London Records, styled London Recordings in logo, is a record label headquartered in the United Kingdom, originally marketing records in the United States, Canada and Latin America from 1947 to 1979, then becoming a semi-independent label. London arose from the split in ownership between the British branch of Decca Records and that same company's USA branch; the American London label released British Decca records in the USA, since it could not use the "Decca" name there. They were noted for their classical albums made in then state-of-the-art stereophonic sound. Such artists as Georg Solti, Joan Sutherland and Luciano Pavarotti made many, if not all, of their recordings for the company.
The London name was also used by British Decca in the UK market for releases taken from American labels which British Decca licensed, such as Imperial, Chess, Dot, Atlantic, Specialty and Sun, as well as the first two UK releases from Motown. In the sixties more licensing deals were made with Big Top, Monument, Parrot, Philles and Hi, and London Atlantic, London Monument and London Dot became subsidiaries. (An unusual feature was the letter code in the numbering system: see Catalog numbering systems for single records.) From 1959 until 1973, the label bore the logo "London American Recordings", and on Radio Luxembourg it was known as "London American".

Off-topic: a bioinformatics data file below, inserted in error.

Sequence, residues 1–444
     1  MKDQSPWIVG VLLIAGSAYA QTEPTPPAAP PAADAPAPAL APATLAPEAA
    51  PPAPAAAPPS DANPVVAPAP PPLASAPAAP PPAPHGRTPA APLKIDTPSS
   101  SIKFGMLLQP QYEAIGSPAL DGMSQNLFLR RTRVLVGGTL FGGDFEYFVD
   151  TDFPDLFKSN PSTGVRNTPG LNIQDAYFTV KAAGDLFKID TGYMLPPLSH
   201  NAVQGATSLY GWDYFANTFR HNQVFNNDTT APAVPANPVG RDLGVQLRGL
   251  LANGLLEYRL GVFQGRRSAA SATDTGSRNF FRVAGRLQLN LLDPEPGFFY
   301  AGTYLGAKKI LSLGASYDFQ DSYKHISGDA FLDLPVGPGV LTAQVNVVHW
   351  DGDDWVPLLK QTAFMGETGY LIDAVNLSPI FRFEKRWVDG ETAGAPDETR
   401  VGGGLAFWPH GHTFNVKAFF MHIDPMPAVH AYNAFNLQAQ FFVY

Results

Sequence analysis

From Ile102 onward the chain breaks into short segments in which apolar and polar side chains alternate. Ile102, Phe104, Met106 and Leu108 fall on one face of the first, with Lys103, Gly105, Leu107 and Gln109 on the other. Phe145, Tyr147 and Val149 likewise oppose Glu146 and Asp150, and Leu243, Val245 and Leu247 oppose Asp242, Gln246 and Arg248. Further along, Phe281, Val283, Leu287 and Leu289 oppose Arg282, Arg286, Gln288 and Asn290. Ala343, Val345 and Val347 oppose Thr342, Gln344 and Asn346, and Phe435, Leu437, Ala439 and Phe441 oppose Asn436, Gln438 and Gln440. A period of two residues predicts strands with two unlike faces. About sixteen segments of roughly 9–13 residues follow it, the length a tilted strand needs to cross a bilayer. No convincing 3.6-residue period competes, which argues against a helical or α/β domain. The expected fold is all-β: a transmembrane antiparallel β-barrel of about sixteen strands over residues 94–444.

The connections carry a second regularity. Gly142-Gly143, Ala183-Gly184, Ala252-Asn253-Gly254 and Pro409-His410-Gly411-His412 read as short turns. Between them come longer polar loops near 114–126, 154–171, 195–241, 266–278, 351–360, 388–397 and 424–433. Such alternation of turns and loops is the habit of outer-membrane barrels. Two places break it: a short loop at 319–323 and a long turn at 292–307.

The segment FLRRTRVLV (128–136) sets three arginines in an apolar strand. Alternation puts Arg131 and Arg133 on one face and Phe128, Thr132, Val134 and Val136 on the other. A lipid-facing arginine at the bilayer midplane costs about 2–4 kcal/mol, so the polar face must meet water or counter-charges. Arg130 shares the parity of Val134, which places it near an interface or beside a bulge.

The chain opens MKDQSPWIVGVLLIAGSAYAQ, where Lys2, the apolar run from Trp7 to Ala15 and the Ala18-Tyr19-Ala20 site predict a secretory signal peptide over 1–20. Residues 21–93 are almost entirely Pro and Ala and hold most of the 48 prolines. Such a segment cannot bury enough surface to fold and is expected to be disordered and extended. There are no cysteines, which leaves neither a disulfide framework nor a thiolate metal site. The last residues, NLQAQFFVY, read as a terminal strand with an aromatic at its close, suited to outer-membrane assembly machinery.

1965 London Records trade ad for the Rolling Stones
In America, the label was best known as the American imprint of the pre-1971 recordings of the Rolling Stones (now owned by ABKCO). The label also originally issued some early LPs and singles by Texas-based band ZZ Top (whose catalog went to Warner Brothers when the band moved there).
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